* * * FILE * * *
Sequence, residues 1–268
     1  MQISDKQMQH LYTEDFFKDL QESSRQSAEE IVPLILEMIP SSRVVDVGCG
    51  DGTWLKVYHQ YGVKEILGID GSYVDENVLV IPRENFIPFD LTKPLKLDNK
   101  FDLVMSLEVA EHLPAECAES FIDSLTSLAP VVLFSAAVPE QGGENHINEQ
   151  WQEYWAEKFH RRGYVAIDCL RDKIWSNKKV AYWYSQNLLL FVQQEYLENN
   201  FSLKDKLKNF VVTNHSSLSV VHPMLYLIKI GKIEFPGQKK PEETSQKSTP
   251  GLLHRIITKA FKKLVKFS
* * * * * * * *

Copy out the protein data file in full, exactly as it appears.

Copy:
Sequence, residues 1–268
     1  MQISDKQMQH LYTEDFFKDL QESSRQSAEE IVPLILEMIP SSRVVDVGCG
    51  DGTWLKVYHQ YGVKEILGID GSYVDENVLV IPRENFIPFD LTKPLKLDNK
   101  FDLVMSLEVA EHLPAECAES FIDSLTSLAP VVLFSAAVPE QGGENHINEQ
   151  WQEYWAEKFH RRGYVAIDCL RDKIWSNKKV AYWYSQNLLL FVQQEYLENN
   201  FSLKDKLKNF VVTNHSSLSV VHPMLYLIKI GKIEFPGQKK PEETSQKSTP
   251  GLLHRIITKA FKKLVKFS